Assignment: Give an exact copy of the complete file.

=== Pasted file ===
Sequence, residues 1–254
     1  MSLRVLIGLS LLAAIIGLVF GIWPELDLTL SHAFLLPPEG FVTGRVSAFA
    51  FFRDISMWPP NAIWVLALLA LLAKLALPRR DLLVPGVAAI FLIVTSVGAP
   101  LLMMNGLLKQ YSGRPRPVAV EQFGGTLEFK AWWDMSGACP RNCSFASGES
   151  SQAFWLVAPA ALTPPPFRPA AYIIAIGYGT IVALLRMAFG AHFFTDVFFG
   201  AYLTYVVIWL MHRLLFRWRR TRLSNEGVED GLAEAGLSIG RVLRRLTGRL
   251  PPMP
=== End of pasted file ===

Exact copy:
Sequence, residues 1–254
     1  MSLRVLIGLS LLAAIIGLVF GIWPELDLTL SHAFLLPPEG FVTGRVSAFA
    51  FFRDISMWPP NAIWVLALLA LLAKLALPRR DLLVPGVAAI FLIVTSVGAP
   101  LLMMNGLLKQ YSGRPRPVAV EQFGGTLEFK AWWDMSGACP RNCSFASGES
   151  SQAFWLVAPA ALTPPPFRPA AYIIAIGYGT IVALLRMAFG AHFFTDVFFG
   201  AYLTYVVIWL MHRLLFRWRR TRLSNEGVED GLAEAGLSIG RVLRRLTGRL
   251  PPMP